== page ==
Sunday, September 26, 2010
Anyone who's lived with me knows that I love beans. I bought a pack of red ones my first time in a grocery store in Malaysia. The packaging said used in salads and desserts.
Red beans in sweets? I thought that odd, but gave it no further thought.
During Eid weekend, I discovered a new dessert, sweet and sticky rice rolls wrapped in banana leaves. I was intrigued by the black-eyed peas mixed in this delicious treat.
I would have never thought of sweetened back-eyed peas and rice. Amazing how we eat many of the same foods around the world but season or prepare them differently.
The other night I took the boys to a celebration commemorating the Chinese Mid-Autumn Festival in the shopping complex next to our condo. At one of the activity booths, children made mooncakes out of green and red beans. Different, I thought. (Can you guess where I am going with this.)
mooncakes were served to all the guests. Yahya and I gobbled up one slice after another as though we hadn't eaten cake in ages. Actually, it had been some time because we both try to avoid wheat flour because of allergies.
The mooncake was delicious, and I went home still thinking about it. I checked the internet for the ingredients, and of course they are made with wheat flour.
Later while doing the dishes, a mental snapshot of the online ingredients resurfaced: beans, oil, flour...
Like BEAN PIE!!!!
This Nation of Islam original (or not so original) wasn't that odd after all. Sweet bean paste has been used in Asian cuisine for centuries.
Nonetheless, from what I understand and imagine, the originators of the bean pie came up with their sweet creation independent of the mooncake. The commonality simply shows that great human minds think alike.
I will continue to proudly describe the bean pie to my students as Bilalians' contribution to Islamic culture and history.
Oh, I should rephrase that: African Americans' contribution.
But I use the term Bilalian to draw attention to an important period in the leadership of Imam W.D. Mohammed when he turned his followers from the teachings of his father Elijah Muhammad in the Nation of Islam to the Islam taught by the Prophet Muhammad, prayers and peace upon him.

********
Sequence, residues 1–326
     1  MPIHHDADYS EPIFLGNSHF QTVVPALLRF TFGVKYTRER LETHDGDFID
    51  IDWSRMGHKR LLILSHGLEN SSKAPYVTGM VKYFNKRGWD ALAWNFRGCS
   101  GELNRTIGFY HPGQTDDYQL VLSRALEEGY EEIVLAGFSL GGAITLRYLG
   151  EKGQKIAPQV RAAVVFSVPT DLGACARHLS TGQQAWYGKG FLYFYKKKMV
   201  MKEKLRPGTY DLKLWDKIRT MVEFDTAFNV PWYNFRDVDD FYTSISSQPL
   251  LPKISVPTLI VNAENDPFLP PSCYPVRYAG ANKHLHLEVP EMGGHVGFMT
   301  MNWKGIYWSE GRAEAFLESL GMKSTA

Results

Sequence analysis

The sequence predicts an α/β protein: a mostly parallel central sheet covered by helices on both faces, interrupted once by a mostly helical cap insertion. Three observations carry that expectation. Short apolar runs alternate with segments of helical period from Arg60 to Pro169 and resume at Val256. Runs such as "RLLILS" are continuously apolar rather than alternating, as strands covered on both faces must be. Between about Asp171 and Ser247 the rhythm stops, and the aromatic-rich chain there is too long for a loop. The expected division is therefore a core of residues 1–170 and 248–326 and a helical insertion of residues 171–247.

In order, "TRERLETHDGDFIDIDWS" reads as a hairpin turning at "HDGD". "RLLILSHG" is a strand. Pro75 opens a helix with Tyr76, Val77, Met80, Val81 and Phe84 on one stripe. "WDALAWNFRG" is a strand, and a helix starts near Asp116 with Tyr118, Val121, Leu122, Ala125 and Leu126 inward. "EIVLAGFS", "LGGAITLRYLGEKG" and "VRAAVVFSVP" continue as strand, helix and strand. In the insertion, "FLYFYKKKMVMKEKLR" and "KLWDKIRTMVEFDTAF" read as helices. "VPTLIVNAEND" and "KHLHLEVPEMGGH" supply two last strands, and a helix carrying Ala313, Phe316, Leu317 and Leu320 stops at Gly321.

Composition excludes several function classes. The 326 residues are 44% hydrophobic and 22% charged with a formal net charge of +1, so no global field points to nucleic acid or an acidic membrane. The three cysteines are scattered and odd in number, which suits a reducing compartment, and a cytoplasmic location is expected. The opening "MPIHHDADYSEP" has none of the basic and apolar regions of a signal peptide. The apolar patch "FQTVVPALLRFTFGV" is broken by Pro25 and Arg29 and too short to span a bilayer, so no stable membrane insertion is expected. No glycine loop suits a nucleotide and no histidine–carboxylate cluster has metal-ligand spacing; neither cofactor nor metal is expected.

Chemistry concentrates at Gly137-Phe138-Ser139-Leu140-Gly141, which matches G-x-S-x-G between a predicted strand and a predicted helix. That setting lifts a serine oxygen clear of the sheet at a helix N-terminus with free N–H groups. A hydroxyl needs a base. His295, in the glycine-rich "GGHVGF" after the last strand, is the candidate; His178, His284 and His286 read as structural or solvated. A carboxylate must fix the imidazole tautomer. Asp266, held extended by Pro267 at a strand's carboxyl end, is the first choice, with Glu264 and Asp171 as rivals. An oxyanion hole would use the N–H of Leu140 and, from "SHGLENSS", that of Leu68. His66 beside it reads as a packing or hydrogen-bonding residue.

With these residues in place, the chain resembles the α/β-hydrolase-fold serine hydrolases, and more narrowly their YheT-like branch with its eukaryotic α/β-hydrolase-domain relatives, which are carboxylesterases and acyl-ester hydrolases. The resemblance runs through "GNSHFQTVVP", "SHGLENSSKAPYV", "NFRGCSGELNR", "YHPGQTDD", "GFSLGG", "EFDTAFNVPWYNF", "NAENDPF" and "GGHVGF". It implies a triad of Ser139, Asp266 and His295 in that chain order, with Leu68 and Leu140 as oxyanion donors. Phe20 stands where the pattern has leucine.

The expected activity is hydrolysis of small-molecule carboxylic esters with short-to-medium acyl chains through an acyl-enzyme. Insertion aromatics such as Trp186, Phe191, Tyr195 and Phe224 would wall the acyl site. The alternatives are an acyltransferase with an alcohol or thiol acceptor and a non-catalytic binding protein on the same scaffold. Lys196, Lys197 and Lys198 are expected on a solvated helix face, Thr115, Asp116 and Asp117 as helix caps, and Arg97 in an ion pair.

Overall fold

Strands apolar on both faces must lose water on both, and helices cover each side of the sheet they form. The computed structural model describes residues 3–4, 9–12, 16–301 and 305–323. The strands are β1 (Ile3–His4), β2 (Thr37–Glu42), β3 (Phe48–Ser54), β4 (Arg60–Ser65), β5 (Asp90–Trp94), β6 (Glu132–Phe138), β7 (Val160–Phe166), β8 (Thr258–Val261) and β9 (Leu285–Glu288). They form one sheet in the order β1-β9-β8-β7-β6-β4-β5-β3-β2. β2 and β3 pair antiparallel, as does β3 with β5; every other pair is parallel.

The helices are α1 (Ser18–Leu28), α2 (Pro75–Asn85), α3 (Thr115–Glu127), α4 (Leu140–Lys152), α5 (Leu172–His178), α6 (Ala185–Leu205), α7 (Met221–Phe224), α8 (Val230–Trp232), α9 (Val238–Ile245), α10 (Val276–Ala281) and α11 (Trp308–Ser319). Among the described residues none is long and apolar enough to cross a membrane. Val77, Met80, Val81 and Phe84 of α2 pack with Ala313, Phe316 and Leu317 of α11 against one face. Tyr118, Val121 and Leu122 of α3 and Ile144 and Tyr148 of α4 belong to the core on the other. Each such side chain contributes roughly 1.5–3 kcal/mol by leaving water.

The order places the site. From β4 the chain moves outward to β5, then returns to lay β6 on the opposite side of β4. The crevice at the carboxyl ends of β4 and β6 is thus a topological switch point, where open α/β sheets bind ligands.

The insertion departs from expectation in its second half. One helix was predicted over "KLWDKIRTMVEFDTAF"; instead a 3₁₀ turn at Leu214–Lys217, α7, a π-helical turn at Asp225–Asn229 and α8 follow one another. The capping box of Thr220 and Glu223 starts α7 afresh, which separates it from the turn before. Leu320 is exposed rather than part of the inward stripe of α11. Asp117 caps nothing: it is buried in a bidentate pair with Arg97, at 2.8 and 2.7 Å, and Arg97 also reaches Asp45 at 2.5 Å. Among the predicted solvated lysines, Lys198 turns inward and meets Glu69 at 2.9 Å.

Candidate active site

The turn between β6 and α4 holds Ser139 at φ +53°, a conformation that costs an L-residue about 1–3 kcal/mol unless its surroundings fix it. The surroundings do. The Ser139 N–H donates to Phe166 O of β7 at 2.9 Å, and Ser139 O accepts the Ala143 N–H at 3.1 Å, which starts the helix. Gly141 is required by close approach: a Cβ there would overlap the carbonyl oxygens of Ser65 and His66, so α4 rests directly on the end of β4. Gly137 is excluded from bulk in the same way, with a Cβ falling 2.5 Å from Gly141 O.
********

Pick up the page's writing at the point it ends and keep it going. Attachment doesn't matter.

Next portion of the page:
Bilal was an African companion of the Prophet Muhammad. Formerly a slave, he was chosen to call the people to prayer with his beautiful voice. I imagine that Imam Mohammed chose the name Bilalian for his community so as to connect us to the Prophet Muhammad (now his followers instead of Elijah Muhammad's) and to charge us to aspire toward the high status and noble contribution of Bilal, with whom we shared African heritage.
Edward Curtis highlights the term Bilalian in his chapter on Imam W.D. Mohammed in his book Islam in Black America, but otherwise, the term has very little online coverage. I invite any historians of Imam Mohammed's legacy to comment on the term, why it was chosen and abandoned.
But back to bean pie, my initial attitude toward the idea of beans used in sweets here in Asia shows how American I am. In the same way that Americans turn their nose up at the idea of bean pie, I almost did the same here even though I grew up eating the black Muslim version of sweet bean pastry with Breyers vanilla ice cream every Friday night (a post-jum'ah ritual).
Posted by Jamillah Karim at 8:24 AM
Sunday, September 19, 2010
Although this was a once in a lifetime opportunity, to spend Ramadan in Malaysia, I hardly expected the context to make it more exceptional.
For one, we didn’t have a car to explore the streets and mosques for an intense cultural immersion. Second, my small children kept me close to home. In my pre-parenthood days, I would have jumped at the chance to pray the special Ramadan night prayers in Malaysia's mosques. But now with a baby and toddler, it was more practical for me to pray in the comfort of my home.
Gratefully, I wasn’t the bit dismayed by my circumstances, partly due to the understanding that the true fruits and blessings of Ramadan come through increased worship and good acts, which one can work for anywhere.
And as for missing the opportunity to pray in the beautiful, grand mosques that distinguish Islam in traditional Muslim lands from Islam in America, I had already been blessed with this favor countless times before, including my first visit to Malaysia thirteen years ago but also in Mecca, Medina, Cairo, Istanbul, and Fez.
But of course, the mercy and favor of God exceeded my expectations. I was blessed with several opportunities to experience the culture of Ramadan and Eid in Malaysia, enough to both become enamored with this sweet Muslim culture and to draw comparisons as any good Muslim anthropologist would do.